22. When is this going to stop. ALL breeds have a potential to be so call aggressive. It all depends on the owner. You can make the meanist lab but the sweetist pit bull. Stop making these breeds look like monster for they are not. I had a pit, a chow and been around a mastiff. No problem the best breed ever. Very smart loyal and protects family. Too bad mine past but I would never give up on these breeds!

  23. Regina Morse

    I am the owner of 3 APT and I will move out of NC if I have to before I will allow anyone tell me what kind of dog I may and may not have. I will take my dog and put him in any circumstance to prove his personality. This bill just goes to show the ignorance of Representative Rodney Moore. It is the same mind set of the people who want to take my gun away because there is potential of it going off and killing someone but hasn’t figured out a way to keep guns out of the hands of the criminals.
    Put restrictions on me and my dogs because I am a law abiding citizens. Mr Moore maybe you should spend more time educating yourself on the difference between a criminal and a law abiding voting citizen. Maybe you, Representative Moore, should educate yourself a little more. Your time might better spent in introducing laws that will make it a felony to abuse animals. A real law that can be useful to prosecute the criminals instead of me and my dogs.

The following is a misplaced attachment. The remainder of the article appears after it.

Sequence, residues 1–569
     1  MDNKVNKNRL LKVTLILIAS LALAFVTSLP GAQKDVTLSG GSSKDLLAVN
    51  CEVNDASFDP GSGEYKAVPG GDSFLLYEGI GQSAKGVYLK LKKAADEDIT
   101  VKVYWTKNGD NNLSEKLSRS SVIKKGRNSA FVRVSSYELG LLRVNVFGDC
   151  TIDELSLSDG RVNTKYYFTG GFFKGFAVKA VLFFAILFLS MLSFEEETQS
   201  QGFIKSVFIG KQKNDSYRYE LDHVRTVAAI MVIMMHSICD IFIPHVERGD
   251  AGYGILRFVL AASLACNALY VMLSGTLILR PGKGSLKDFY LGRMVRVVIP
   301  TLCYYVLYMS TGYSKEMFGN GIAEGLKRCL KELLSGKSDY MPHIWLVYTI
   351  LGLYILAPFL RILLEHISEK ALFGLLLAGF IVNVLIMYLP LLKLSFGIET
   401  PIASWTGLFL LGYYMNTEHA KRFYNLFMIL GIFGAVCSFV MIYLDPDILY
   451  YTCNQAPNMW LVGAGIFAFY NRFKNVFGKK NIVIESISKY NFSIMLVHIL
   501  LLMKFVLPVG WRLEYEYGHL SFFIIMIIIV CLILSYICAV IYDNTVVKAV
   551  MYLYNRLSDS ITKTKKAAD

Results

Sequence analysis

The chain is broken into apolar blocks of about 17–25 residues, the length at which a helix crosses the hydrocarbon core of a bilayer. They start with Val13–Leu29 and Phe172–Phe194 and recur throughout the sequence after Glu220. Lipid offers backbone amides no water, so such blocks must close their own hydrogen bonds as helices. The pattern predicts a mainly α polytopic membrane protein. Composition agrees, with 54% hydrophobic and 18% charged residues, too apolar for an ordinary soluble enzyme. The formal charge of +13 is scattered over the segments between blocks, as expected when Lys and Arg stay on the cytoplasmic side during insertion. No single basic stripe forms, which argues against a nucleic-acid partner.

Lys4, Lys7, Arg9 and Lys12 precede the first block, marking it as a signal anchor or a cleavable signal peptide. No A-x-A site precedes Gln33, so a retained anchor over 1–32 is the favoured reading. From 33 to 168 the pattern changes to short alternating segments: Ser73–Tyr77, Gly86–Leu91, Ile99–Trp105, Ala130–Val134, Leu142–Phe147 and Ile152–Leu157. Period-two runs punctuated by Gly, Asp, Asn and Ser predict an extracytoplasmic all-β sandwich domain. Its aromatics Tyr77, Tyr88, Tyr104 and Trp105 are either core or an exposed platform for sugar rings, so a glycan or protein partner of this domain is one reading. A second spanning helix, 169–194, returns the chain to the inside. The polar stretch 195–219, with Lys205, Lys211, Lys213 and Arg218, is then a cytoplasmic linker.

24. Norma Frazier

    I’ve said this before, and I’ll say it again…..Punish the owners of the dogs who don’t know how to raise and own dogs responsibly, not the breeds themselves. I currently own two American Bulldogs, and have owned in the past three Chows, a Rottie, and several American Pit Bull Terriers, several German Shepherds, and also worked around several Mastiffs, Boxers, Doberman Pinscers, among others. I have never had a problem with any of these breeds. It’s like the current “gun control” ban. If you take the guns away from law-abiding citizens, only criminals will have guns. Thus, if you make it so cost prohibitive that law-abiding citizens can’t afford to have their
    “babies,” then only criminals will have these dogs, and they will continue to both breed and fight them. Find another way to punish the unscrupulous owners; don’t punish those who are responsible about their pets.